Freedom of the Press
You are here
Press Freedom Score (0 = best, 100 = worst)
Legal Environment(0 = best, 30 = worst)
Political Environment(0 = best, 40 = worst)
Economic Environment(0 = best, 30 = worst)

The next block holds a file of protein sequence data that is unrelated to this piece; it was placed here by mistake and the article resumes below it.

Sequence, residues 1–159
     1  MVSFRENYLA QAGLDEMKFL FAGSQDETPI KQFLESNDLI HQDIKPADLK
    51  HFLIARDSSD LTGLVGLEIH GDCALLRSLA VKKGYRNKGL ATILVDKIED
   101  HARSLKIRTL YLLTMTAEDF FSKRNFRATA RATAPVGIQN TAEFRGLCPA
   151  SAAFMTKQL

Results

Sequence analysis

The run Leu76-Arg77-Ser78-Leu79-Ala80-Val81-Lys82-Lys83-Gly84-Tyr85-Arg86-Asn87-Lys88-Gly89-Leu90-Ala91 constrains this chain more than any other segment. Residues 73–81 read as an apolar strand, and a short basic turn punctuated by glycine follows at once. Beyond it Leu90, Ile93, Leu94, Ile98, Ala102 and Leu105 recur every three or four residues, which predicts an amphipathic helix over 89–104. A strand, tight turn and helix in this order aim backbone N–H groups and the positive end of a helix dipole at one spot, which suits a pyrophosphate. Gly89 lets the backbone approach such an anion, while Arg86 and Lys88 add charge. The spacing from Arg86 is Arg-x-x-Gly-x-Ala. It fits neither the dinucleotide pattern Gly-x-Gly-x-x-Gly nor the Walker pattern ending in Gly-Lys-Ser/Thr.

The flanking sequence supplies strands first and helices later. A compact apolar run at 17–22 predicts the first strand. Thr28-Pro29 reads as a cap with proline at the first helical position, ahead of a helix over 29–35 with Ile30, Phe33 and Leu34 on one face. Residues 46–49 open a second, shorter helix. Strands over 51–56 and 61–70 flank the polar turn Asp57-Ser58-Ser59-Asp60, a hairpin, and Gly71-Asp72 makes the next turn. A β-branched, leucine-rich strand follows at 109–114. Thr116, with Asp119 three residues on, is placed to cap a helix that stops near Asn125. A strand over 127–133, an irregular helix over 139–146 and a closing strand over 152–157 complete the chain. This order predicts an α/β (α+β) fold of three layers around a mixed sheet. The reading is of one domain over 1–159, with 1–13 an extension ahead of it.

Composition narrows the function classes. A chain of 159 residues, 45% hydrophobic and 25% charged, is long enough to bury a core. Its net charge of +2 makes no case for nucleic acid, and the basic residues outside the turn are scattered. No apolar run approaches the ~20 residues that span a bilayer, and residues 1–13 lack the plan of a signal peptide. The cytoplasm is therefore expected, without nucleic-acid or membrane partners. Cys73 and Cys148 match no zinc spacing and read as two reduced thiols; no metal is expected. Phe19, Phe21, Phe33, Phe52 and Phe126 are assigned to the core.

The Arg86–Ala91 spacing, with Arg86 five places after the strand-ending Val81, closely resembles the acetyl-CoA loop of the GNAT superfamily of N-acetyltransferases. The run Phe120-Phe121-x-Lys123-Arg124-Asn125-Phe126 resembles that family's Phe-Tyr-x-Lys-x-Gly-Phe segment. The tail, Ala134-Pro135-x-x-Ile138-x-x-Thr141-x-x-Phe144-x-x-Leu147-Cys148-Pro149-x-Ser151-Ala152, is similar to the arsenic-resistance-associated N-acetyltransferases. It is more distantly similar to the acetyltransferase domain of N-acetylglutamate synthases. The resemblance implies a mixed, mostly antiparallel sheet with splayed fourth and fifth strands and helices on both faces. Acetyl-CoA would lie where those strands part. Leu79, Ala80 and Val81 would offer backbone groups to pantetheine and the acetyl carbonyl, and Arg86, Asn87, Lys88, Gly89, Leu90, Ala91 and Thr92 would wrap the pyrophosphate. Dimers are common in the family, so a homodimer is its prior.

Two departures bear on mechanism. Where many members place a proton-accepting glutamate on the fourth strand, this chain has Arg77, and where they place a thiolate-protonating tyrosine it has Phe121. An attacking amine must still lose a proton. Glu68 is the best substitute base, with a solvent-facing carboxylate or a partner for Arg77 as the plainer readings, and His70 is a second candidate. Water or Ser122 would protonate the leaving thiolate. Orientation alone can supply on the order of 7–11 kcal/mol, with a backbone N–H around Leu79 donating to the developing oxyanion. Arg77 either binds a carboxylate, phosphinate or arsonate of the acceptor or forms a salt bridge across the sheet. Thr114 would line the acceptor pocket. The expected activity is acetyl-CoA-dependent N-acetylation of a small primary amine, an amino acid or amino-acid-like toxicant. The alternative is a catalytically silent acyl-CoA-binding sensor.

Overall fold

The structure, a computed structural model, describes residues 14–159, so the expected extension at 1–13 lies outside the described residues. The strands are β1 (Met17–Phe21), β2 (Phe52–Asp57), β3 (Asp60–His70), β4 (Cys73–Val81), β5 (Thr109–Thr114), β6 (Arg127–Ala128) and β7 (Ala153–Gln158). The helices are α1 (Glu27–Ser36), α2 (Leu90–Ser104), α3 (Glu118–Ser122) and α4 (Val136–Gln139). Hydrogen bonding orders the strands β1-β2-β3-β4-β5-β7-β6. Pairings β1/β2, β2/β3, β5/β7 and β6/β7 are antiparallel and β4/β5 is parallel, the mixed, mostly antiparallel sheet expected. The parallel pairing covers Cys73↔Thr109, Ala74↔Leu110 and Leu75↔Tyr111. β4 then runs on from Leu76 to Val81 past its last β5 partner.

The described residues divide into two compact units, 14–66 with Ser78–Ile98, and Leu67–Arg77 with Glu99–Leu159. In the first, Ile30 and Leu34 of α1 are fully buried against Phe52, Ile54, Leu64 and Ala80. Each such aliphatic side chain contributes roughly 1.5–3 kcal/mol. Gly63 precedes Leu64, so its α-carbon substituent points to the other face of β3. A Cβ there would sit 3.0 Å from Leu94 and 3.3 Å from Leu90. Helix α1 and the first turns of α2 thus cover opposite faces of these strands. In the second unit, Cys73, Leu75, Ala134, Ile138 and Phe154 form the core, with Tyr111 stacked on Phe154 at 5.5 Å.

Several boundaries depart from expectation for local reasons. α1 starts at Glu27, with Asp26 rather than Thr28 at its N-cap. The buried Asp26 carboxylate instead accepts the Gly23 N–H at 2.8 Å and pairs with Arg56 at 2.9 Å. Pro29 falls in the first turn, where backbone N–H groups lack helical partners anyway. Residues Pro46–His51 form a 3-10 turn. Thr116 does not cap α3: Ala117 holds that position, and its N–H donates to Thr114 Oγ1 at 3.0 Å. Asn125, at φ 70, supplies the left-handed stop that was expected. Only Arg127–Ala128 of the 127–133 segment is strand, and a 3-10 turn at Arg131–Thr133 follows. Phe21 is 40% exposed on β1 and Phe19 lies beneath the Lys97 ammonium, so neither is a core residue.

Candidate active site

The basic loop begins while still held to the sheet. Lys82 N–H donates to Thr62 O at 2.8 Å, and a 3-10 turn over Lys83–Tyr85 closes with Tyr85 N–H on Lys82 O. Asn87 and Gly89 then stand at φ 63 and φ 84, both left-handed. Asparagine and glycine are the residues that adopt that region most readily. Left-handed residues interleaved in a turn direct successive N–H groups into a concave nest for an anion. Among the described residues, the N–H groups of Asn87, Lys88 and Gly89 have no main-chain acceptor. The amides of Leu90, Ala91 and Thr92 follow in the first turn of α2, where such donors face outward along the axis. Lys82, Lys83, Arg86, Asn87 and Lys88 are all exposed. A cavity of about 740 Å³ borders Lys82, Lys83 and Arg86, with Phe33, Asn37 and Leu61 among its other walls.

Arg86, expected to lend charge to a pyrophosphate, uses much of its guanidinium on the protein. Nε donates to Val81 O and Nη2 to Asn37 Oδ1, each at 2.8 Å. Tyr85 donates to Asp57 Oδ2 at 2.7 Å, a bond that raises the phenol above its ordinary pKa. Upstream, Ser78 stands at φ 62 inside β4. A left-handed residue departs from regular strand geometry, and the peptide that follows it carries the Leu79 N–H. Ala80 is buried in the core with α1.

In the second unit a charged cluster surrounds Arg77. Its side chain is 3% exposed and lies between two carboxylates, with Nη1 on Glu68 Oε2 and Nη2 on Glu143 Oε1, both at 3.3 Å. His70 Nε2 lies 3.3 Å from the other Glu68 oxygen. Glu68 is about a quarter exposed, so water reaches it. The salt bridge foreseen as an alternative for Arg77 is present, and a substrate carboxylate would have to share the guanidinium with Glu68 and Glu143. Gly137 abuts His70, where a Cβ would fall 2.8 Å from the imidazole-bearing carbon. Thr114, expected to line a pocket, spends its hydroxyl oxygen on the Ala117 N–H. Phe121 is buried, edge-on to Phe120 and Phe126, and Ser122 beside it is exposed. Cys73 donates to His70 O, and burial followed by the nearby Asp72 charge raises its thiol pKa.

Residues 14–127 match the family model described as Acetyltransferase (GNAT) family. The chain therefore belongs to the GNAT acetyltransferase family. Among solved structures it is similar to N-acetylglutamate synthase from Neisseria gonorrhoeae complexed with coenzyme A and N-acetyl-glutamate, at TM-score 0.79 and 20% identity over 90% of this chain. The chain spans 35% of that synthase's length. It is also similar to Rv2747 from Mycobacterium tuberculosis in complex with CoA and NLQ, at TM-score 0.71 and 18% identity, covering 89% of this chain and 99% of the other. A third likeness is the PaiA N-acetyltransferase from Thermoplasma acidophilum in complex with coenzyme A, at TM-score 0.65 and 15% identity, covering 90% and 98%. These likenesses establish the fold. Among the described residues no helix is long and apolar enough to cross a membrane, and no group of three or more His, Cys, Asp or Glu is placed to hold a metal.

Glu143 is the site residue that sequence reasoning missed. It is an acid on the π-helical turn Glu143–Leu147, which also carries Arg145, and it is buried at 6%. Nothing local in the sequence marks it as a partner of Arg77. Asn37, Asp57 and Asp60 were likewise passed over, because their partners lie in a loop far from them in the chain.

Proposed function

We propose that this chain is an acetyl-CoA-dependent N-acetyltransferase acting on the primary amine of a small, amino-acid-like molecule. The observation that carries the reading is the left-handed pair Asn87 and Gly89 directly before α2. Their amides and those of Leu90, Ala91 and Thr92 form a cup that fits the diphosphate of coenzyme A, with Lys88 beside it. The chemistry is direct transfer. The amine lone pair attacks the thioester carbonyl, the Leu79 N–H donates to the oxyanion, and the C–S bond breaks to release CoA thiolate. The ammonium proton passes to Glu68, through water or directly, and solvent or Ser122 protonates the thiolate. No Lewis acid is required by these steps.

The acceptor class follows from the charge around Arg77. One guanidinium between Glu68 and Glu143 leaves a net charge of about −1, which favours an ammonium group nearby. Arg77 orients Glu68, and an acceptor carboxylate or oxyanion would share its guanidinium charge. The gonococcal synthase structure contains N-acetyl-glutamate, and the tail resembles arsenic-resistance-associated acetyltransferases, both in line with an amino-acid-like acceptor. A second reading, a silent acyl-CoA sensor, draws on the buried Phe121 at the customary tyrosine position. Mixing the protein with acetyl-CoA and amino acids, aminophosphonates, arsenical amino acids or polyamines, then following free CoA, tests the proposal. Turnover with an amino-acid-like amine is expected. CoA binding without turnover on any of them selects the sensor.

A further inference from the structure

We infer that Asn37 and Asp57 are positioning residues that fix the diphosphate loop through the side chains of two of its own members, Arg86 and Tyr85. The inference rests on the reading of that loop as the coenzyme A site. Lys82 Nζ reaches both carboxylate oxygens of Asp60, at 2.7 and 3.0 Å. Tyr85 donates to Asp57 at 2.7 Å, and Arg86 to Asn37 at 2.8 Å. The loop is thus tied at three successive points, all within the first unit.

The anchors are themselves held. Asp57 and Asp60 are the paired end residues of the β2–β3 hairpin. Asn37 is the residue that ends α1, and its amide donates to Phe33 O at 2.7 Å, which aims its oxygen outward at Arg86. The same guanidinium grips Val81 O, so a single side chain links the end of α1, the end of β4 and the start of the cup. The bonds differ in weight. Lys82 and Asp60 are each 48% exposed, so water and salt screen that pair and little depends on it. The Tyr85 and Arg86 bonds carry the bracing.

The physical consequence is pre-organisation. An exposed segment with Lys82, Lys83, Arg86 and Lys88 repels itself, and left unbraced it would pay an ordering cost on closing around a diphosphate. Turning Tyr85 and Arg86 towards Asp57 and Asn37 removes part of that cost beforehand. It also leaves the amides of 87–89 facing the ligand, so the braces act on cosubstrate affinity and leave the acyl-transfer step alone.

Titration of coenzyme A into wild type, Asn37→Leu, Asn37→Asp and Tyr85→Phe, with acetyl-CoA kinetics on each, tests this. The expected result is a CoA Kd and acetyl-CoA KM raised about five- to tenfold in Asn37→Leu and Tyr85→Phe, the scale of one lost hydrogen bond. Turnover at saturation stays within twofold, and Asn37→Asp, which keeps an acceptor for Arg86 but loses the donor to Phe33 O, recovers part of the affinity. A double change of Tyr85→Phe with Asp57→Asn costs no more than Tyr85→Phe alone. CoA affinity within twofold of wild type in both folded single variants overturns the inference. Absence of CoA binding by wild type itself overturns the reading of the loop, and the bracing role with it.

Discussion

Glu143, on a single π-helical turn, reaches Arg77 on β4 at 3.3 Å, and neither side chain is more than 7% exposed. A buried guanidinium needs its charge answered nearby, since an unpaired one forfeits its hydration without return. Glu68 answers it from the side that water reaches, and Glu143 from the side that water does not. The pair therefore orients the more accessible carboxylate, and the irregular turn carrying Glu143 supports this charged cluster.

Palau has a small but vibrant media environment, and the constitution protects freedom of expression and the press. Censorship is rare, and the press is free to report on a diversity of issues, including official corruption. In November 2006, the Consolidated Boards Act was passed, combining four government entities—including the Palau National Communications Corporation, which controls internet and satellite television transmissions—into one commission. The officials of the new commission are publicly elected rather than appointed by the government, as was previously the case. In 2007, Palauan media executives joined the newly formed Micronesian Media Association to protect free and independent journalism and public access to information. There were no attacks on the press in 2007. Palau has relatively diverse media considering its small population, including three weekly print publications. President Tommy Esang Remengesau Jr. meets with the press every Wednesday on the government radio station, Eco-Paradise. There are also two private and two church-owned radio stations. WWFM, owned by outspoken journalist and senator Alfonso Diaz, airs a weekly program for Filipinos in Palau. The internet is not regulated by the government, but the medium is not yet a significant news source, as it was accessed by only 1 percent of the population in 2007.